47 Pages Posted: 6 Apr 2016 Last revised: 19 Nov 2016
Date Written: March 1, 2016
We conduct a field test of Bayesian reasoning, examining whether agents form expectations by placing a larger weight on cues that are more informative with lower process variance. To test this notion we analyze subjective probabilities inferred from odds on the outcomes of tennis matches, exploiting exogenous variation in process variance related to the format with which tennis matches are played. Our results are consistent with “process variance neglect”, i.e., agents are not adjusting their ex-ante probabilities sufficiently according to process variance, and thus violate Bayes Rule. This result is robust to inferring subjective probabilities from odds offered by professional bookmakers or odds achieved on a person-to-person betting exchange. The resulting biases in expectations are costly.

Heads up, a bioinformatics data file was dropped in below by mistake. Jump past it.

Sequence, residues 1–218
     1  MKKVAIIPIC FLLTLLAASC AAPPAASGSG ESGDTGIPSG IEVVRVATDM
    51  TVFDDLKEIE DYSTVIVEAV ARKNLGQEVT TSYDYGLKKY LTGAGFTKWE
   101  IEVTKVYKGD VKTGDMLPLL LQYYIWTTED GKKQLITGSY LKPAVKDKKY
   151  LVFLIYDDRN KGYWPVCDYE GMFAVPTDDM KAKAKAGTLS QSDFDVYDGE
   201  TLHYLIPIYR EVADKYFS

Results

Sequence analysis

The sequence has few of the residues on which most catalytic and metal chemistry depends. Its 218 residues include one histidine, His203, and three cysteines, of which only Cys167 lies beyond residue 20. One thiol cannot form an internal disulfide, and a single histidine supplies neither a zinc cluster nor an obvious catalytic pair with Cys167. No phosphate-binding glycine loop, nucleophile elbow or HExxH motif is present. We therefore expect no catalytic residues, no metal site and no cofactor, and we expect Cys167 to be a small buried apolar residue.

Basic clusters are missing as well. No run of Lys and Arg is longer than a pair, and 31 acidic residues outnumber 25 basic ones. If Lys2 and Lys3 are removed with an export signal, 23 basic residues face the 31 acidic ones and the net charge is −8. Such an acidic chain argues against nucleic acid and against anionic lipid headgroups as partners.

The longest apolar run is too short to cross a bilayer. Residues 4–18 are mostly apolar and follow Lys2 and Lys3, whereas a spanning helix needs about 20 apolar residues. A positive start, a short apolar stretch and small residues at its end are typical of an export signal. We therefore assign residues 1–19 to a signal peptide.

Keywords: Bayes Rule, Behavioural Biases, Field Experiments
JEL Classification: D8, G1
Suggested Citation: Suggested Citation
Antoniou, Constantinos and Mavis, Christos P., Bayesian Reasoning: Evidence from the Field (March 1, 2016). Available at SSRN: https://ssrn.com/abstract=2757037 or http://dx.doi.org/10.2139/ssrn.2757037